Thank you for sharing your insights on the Prius. However the rest of us are not complete idiots and may have chosen other vehicles for reasons other than misinformation.
 

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I have read a rational breakdown of costs - but not many in this thread. What insults have been spewed?
Might have been the part where you suggested that SINC had the temperament of someone under 13 years of age.
 

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These glorious tales of Prius are delivered with the same zeal of people I see at the health food store preaching the life-affirming values of flax seed or colon cleansing. If you choose not buy their products, you're essentially the victim of some misinformation campaign, and damning yourself to hell. Why can't they be happy stuffing their own colons full of seeds?
 

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I realise that MANY people choose not to by a Prius for many reasons. Many of these people are misinformed when it comes to the many myths that surround hybrids like battery replacement and production issues. If these myths were corrected, there may be many more happy hybrid owners on the road.
Even if you want a hybrid, there are other choices that may be better than a Prius for some.

If I was in the market for a hybrid (I'm not...) I would likely choose a Fusion Hybrid over a Prius. The dull, boring, anonymous styling of the Fusion would allow me to blend into traffic and slip by unnoticed without attracting attention from fanboys and haters.

While the Fusion Hybrid uses a bit more fuel than a Prius, I expect it has better driving dynamics. I've never driven the Fusion Hybrid, but I've driven a number of Fusions and they are quite fun to drive - especially in 3.5 Sport AWD trim. The Fusion is also a larger, more comfortable car.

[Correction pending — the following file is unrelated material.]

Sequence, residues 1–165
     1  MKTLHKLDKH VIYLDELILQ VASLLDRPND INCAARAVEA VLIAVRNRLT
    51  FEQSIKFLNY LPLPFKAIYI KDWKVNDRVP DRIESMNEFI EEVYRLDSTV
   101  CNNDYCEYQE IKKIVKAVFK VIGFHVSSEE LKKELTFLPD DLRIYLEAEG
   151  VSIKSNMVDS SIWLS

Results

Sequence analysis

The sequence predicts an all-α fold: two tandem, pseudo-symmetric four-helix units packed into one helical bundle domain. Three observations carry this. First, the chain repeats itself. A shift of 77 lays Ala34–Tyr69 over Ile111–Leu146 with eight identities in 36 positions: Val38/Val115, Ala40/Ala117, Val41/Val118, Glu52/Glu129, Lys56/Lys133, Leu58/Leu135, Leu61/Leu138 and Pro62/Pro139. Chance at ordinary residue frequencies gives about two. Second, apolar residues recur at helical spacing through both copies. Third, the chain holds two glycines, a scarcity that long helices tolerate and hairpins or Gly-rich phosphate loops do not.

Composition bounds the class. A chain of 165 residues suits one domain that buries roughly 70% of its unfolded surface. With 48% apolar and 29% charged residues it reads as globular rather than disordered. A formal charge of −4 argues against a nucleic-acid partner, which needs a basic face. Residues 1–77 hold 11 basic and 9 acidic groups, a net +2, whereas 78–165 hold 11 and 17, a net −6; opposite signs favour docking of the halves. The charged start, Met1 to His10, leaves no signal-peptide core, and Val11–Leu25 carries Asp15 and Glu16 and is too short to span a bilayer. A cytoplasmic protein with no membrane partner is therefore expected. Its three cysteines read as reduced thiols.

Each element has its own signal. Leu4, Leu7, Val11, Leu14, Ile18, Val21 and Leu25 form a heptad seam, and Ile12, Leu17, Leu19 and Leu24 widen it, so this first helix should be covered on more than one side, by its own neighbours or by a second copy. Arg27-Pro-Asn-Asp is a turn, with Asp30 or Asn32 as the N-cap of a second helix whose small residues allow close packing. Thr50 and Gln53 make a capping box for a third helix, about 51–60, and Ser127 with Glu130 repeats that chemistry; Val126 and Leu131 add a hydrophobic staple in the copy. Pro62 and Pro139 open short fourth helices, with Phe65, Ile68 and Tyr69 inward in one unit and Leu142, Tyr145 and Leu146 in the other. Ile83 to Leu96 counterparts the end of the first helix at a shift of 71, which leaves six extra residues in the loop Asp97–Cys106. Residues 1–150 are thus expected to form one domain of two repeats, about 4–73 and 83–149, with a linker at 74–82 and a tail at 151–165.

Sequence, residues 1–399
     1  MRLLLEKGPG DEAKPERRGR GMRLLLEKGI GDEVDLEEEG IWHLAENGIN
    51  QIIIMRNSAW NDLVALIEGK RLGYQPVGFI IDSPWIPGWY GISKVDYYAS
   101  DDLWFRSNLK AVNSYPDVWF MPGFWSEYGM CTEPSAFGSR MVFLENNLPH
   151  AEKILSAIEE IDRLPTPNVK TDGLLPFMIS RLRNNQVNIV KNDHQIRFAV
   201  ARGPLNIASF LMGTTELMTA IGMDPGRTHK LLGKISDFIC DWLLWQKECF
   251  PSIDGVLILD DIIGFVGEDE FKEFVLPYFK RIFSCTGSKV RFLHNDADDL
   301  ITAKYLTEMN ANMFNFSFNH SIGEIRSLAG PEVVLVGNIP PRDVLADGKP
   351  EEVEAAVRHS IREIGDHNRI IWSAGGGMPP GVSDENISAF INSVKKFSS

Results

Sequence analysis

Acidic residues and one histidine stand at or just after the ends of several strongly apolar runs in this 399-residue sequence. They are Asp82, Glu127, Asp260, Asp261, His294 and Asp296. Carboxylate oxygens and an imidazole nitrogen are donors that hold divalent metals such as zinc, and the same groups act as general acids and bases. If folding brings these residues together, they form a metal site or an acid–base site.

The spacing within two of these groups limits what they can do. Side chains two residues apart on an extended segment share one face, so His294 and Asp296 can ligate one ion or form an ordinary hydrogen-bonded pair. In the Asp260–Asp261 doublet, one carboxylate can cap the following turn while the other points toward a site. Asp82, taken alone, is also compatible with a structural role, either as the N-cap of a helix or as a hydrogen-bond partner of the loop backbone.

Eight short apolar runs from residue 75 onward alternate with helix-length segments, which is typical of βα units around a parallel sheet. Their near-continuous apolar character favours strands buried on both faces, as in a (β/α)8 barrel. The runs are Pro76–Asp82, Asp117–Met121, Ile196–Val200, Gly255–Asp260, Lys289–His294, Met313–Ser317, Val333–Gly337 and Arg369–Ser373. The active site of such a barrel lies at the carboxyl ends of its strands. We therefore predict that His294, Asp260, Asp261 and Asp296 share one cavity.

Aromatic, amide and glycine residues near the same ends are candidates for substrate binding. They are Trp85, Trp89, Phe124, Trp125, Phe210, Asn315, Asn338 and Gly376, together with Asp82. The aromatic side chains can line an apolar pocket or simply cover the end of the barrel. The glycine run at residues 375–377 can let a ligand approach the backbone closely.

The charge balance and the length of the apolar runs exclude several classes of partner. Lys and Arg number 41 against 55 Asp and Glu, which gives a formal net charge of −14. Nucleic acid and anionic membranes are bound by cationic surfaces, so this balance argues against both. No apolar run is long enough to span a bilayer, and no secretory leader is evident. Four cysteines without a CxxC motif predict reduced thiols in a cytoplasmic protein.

While the Fusion interior is nothing special, I've spent enough time riding in Vancouver taxi cabs to know I would much rather sit inside a Fusion than a Prius.
Plus I own and have had 4 in my family starting from 2001, so I can speak from first hand experience for the lack of maintenance required and the low overall cost of ownership.
The Prius has pretty good reliability stats - but it is hardly unique in this regard. In fact, ~most~ modern cars are pretty reliable these days.

If ownership costs are important there are other, better, choices. As someone else pointed out, a Civic sedan offers lower ownership cost. I suspect if you were to find a leftover, new, unloved, deeply discounted Cobalt you could get even lower ownership costs right now if you pay (not very much) cash for it up front, and drive it for five years until the warranty is done. You will pay very little for fuel and maintenance, and could probably still get $5k for it when you are finished with it.
Not enough information is known about the Volt - its not on the road yet. I'm following the story but there is still lots of conflicting information.
Initial reviews are quite promising:
Review: 2011 Chevrolet Volt | The Truth About Cars
Review: 2011 Chevrolet Volt Take Two | The Truth About Cars

A "conventional" hybrid such as a Fusion or a Prius would likely be a better choice for Taxi duty, but for a private car that sits parked 90% of the time a plug hybrid looks like a better choice. Folks that have a commute of less than 60km round trip will use little or no gas in their day to day commute, but still have the option of longer trips with decent fuel economy.
It looks like Nissan will have an interesting all-electric offer soon and I hope its launch in Canada comes soon.Nissan LEAF Electric Car | Home | Nissan Canada Official Site
Range and recharging time are pretty big limitations to a pure EV. For most private users, a plug hybrid such as the Volt will be a better choice than a Leaf.